The Maharal also looks at each plague individually and elucidates the role of each in proclaiming G-d’s dominion. For instance, blood was a plague that affected the water, the element that lies at the world’s deepest foundation. Lest Pharaoh contend that G-d’s dominion ended there, G-d sent a second plague of frogs, affirming that He rules over all creatures that are amphibious. The plague of lice, which emerged from the ground, reflected G-d’s dominion over the land. The plague of wild beasts pronounced G-d’s control over those things that lived upon the land. The plague of cattle disease, which permeated the air with a terrible stench, pronounced G-d’s domination over the air above the land, and so on, until the plague of darkness, which affected the sources of light in the highest heavens, and the Slaying of the First Born, which affirmed G-d’s dominion over the most elevated entity of all, the soul of man. Finally, after witnessing G-d split the Reed Sea, the Israelites achieved utter clarity in their emunah:

And Israel saw the great work which the LORD did upon the Egyptians, and the people feared the LORD; and they believed in the LORD, and in His servant Moses (Ex 14:31)

It is this emunah of the Israelites that we are charged to awaken within our souls on seder night. The mishna in Pesachim 10:5 states that we must strive to re-experience the exodus from Egypt, based upon G-d’s directive in Exodus 13:8-

“And thou shalt tell thy son in that day, saying: It is because of that which the LORD did for me when I came forth out of Egypt.”

The medium through which we are meant to re-experience the Exodus, and thus reaffirm our emunah, is by the telling of the story, and praising and blessing G-d for His miracles and salvation. Yet, if the goal of the seder rituals is to infuse us with emunah, why doesn’t G-d simply bring wondrous miracles, year after year, as He did on the eve of the Exodus?

Rav Chaim Friedlander, author of the Siftei Chaim, explains that our nation in Egypt was extremely depleted both physically and spiritually, and the revealed miracles were necessary to imprint upon their souls complete faith which they could then pass down through the telling of the Exodus story, from generation to generation. In subsequent generations, G-d does not perform miracles that deviate from the laws of nature, nor is this part of His grand plan.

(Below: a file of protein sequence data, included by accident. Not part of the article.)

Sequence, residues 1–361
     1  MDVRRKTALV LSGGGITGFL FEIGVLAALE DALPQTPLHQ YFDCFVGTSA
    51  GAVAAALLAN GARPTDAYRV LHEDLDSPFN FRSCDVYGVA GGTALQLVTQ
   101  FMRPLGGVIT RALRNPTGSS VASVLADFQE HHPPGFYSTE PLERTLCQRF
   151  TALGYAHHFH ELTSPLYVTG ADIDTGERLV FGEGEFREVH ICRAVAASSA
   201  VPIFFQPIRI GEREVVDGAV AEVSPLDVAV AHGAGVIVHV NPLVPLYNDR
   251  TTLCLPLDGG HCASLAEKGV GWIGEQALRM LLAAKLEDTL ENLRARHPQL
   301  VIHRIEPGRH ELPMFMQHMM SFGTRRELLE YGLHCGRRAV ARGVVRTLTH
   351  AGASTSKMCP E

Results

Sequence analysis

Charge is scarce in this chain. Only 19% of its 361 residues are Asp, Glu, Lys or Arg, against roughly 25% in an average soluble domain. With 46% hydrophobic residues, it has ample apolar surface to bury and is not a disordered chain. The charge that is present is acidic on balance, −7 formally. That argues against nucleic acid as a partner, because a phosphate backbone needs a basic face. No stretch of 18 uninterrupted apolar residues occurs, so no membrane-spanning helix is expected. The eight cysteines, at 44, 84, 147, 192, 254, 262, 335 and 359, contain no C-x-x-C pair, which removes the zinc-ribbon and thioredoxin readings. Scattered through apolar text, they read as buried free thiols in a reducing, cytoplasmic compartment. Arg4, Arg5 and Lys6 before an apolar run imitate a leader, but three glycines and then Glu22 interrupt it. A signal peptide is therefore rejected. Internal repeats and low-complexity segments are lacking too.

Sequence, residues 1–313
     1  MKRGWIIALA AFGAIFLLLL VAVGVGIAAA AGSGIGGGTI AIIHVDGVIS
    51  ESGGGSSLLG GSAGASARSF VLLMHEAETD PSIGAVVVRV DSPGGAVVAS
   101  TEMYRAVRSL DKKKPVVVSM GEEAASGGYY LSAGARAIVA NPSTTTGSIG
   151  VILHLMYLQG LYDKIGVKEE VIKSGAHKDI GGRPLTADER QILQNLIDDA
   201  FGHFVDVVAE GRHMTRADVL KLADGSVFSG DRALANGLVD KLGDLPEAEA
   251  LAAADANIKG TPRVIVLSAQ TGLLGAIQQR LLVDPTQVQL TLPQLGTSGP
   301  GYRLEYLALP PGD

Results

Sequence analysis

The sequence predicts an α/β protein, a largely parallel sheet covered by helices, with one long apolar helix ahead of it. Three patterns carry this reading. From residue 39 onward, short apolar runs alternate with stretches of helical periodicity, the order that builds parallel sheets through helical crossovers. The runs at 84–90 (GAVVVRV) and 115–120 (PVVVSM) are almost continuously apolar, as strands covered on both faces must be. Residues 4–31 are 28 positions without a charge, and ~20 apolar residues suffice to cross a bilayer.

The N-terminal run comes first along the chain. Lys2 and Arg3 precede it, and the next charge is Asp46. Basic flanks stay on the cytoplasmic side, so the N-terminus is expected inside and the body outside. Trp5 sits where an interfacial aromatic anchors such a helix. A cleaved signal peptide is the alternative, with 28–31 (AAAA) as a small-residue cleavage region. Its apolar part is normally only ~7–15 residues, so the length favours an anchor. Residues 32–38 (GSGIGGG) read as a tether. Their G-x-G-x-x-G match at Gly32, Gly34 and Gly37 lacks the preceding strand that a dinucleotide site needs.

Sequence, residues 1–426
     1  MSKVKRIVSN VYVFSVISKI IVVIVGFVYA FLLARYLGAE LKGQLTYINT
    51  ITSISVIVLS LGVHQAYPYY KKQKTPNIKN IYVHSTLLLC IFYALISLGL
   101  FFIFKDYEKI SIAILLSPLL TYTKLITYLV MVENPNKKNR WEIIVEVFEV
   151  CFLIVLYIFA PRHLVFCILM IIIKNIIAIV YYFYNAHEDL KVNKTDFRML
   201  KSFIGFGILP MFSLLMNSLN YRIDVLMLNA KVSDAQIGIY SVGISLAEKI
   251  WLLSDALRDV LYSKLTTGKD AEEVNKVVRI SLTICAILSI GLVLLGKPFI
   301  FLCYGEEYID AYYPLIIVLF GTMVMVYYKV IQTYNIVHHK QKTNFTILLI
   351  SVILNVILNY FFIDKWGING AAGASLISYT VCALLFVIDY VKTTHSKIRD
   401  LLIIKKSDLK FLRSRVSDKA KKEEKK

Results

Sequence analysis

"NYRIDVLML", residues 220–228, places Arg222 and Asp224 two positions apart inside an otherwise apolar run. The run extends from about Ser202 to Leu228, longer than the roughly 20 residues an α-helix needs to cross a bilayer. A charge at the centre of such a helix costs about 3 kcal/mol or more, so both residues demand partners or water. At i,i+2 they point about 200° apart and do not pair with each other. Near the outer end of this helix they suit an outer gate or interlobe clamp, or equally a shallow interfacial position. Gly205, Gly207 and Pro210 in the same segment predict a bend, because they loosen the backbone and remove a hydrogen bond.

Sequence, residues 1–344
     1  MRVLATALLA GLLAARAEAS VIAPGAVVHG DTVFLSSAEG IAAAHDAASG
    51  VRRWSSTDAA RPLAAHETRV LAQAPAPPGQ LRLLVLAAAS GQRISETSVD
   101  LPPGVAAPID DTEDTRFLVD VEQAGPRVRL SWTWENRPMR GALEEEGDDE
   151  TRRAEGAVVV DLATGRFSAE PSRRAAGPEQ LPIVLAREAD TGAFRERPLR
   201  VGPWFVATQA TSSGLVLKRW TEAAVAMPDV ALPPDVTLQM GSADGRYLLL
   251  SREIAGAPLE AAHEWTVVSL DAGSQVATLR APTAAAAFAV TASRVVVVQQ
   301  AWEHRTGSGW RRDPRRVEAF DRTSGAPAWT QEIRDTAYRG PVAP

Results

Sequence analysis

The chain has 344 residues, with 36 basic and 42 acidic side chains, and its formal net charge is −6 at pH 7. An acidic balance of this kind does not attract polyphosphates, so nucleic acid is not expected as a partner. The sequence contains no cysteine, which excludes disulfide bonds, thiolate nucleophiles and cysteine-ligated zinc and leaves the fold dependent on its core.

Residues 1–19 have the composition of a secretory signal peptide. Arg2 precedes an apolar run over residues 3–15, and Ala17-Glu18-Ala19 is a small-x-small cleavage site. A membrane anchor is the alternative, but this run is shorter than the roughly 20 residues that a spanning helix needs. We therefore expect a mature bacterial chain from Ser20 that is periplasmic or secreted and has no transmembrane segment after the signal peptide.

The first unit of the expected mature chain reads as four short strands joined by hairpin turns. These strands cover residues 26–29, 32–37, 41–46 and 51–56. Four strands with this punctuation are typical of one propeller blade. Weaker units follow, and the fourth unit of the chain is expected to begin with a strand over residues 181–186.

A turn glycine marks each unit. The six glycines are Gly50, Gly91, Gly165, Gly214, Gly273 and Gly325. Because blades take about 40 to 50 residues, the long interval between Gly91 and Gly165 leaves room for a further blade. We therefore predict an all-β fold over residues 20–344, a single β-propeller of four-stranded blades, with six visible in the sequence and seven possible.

Rather, G-d created the world in such a way that we face a perpetual nisayon – a continual test of faith. G-d gave us free choice, and He wants us to use it, to seek and reveal His dominion throughout reality, and to strengthen our emunah, without the help of miracles. Rav Eliyahu Dessler maintains that it is surely easier to have emunah when you witness a revealed miracle, but choosing to have faith is emunah at a higher level. Indeed, the Jewish nation has exhibited the ability to withstand the nisayon of emunah even in the darkest of times, through crusades, inquisitions, pogroms, the Holocaust, wars and more.

The Netivot Shalom explains that Pesach is the the first of all holidays in the Bible, because emunah is the foundation for Jewish life. Without the clarity ofemunah, Am Yisrael could not have received the Torah, and could not have entered Eretz Yisrael. Likewise, in our own personal lives, our spiritual growth must begin with the foundation of emunah.  This year on seder night, may we strive to fortify our emunah, and set a secure course for our spiritual growth throughout the year. 

The Edythe Benjamin חיה בת שלמה, beloved mother of Barbara Hanus, Rosh Hodesh Nissan Torah essay

Dr. Dodi Fishman Tobin, who wrote this article, is the Director of Matan Bet Shemesh and the coordinator of the newly established Matan Advanced Tanach Summer Institute. She holds a Ph.D. in Clinical Psychology from Fairleigh Dickinson University, an M.A. in Bible from Bar Ilan University, a B.A. in Psychology from Barnard College, and is a graduate of the Matan Advanced Bible Program.